Summer is the primary growing season for fruit trees across the Denver metro area. Buds and flowers have come and gone and the trees are starting to show the early signs of fresh fruit hanging from the limbs. This adds a unique beauty to your property, but caring for your fruit trees
, especially during the heat of the summer can be a bit of a challenge. As long as you know what you’re doing and work with your local tree service, you’ll be able to keep them in great shape so you can enjoy your fruit trees and everything they bring to your home. Here are a few key tips to make caring for them simple.
Inspect Them Regularly
Fruit trees are especially vulnerable to pests and damage. After all, critters love the sweet fruit they put out. This means you’ll need to stay on top of inspections every week. Get in the habit of checking your trees once a week. Look for signs of damage to the bark. Check the leaves for mold and blight. Inspect ripening fruit for pests or other damage that could make it inedible and make an appointment as soon as you see damage. The sooner your tree service can address the issues, the easier it will be for your trees to rebound and recover during the growing season.
Mulch Around the Roots
Mulch is one of the best ways to protect the roots of your fruit trees from heat, erosion, and animal damage. If you haven’t already, spread a fresh layer of mulch around the base of the tree. It should cover all visible roots and extend past the trunk by at least a few feet. Once in place, you’ll be able to water your trees without worrying about the heat evaporating the moisture to quickly or rain washing away the protective layer of soil covering the sensitive roots. The mulch should last for the full season. However, if mulch gets dispersed throughout the yard as your kids and pets play around the trees, you may need to spread more.
Summer can be incredibly dry and that means your fruit trees are going to need a little extra help staying hydrated. That said, you’re going to need to be smart about how you water your trees. Simply watering around the base and waiting until the soil is wet isn’t going to be enough. You need to make sure the water is reaching the roots. The amount of water your trees need will vary depending on the type of soil you have in your yard. If they’re planted in sand, you’ll need to water them every two weeks. If you have predominantly clay soil in your yard, you’ll want to water every two to three weeks depending on the weather. Clay soils are better at retaining moisture and can go longer between watering sessions.
Keep the Limbs Pruned
Believe it or not, pruning your trees can actually encourage more productive growth and can help the trees produce more fruit during the growing season. Take the time to get your trees inspected during and after the growing season. If your tree service notices any dead or dying branches, they’ll be able to remove them so the tree can better use the nutrients and water at its disposal. This may make the tree’s canopy look thinner, but it won’t hurt the health of the rest of the limbs.
Harvest Fruit Often
No matter what type of fruit trees you have, you know that the fruit can cause the limbs to sag. Though it’s best to let the fruit ripen on the tree, don’t leave it for too long. During peak season, check your trees often and harvest the fruit that’s starting to put strain on the branches. If you have more than you know what to do with, offer it to friends and family or freeze it for use in baked goods in the winter. By thinning out the fruit on the branches, you’ll keep your trees in better shape which will help them produce more fruit for years to come.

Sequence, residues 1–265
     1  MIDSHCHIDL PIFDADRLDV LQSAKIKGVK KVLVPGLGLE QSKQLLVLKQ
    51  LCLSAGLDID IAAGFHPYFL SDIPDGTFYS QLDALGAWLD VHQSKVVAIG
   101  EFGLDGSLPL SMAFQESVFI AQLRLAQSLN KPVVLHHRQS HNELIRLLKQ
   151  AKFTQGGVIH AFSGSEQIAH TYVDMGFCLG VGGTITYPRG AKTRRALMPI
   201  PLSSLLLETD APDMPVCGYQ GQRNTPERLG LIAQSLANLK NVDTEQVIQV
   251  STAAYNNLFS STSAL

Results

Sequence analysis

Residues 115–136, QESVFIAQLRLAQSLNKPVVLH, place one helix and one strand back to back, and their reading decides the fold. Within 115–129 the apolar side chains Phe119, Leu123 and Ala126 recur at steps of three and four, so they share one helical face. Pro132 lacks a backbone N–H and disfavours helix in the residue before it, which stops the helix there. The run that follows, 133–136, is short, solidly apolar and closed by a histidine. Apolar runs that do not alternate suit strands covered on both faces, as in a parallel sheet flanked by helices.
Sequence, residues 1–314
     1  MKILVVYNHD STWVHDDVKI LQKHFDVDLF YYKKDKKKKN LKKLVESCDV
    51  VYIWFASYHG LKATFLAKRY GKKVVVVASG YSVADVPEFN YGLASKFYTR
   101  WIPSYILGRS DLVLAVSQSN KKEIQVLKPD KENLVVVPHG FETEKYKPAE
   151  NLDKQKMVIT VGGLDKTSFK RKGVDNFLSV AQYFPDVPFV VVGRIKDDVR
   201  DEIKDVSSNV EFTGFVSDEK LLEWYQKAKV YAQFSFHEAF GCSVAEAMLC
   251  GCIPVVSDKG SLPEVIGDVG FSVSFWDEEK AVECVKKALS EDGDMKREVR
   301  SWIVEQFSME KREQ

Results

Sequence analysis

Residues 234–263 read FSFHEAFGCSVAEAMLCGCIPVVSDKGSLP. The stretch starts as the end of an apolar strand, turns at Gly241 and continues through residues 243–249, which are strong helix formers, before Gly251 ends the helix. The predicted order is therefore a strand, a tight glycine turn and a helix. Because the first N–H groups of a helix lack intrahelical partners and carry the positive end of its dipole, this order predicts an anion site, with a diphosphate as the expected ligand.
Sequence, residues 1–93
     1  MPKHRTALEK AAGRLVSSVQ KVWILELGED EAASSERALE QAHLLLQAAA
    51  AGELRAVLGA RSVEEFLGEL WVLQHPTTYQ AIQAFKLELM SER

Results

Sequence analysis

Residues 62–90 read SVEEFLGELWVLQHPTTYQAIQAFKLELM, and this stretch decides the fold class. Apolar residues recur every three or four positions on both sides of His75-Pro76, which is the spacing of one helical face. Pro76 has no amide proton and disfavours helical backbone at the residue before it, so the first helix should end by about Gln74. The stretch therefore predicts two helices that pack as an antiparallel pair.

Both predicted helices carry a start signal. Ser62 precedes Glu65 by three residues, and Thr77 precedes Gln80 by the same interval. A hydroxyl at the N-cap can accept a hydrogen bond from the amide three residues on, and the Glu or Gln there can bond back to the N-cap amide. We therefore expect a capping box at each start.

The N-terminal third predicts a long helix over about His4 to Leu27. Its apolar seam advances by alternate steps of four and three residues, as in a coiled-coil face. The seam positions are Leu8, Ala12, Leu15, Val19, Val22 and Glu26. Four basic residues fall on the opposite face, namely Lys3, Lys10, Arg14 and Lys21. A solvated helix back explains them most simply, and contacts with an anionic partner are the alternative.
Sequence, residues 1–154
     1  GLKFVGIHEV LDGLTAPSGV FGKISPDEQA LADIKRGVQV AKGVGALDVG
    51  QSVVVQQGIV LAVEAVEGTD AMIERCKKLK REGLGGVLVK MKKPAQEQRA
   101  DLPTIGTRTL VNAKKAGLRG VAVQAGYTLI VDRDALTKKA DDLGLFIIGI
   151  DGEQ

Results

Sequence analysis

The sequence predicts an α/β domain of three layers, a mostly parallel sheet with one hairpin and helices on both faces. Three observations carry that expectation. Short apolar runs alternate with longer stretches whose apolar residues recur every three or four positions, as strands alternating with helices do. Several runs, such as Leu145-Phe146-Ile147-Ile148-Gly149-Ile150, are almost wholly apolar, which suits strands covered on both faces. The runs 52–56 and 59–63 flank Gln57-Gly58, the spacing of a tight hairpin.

It’s normal for trees to need regular fertilizations to help them grow, especially when they’re young and less established in the soil. However that doesn’t mean you should fertilize every month like clockwork. Instead, only fertilize as needed. If you’re not sure how often your trees need a little extra TLC, consult with your tree service or landscaping company. Fertilizing too frequently can disrupt the soil’s beneficial nutrient composition. This can, in turn, hurt the tree and scorch the roots. Once the roots get damaged, you’ll find it much harder to bring your tree back to life and may see a dramatic decrease in fruit production for several years afterward.
Avoid Heavy Use of Pesticides
Insects are never something you want to deal with in and around your fruit trees. However, they are a part of life and you’ll never be able to completely avoid them. There are ways to reduce the prevalence of insects around your yard and pesticides are certainly an option. If you choose to use this chemical-heavy treatment, do so sparingly. Using too much can hurt your trees and the fruit more than the insects themselves. Further, you’ll put your health and that of your family’s at risk if you use to too frequently. Instead, look for eco-friendly pest control methods that will protect your trees without spreading toxic chemicals throughout your yard.
Keep Your Trees Looking Great for Seasons to Come
Fruit trees add value to your property and make your landscaping unique from other yards in your neighborhood. Just make sure you’re taking care of them properly and you’ll be able to enjoy their fruit and their beauty for decades to come.
If you’re worried about the condition of your trees or just want an experienced professional to take care of the pruning and trimming for you, don’t wait. Contact us to schedule an estimate today.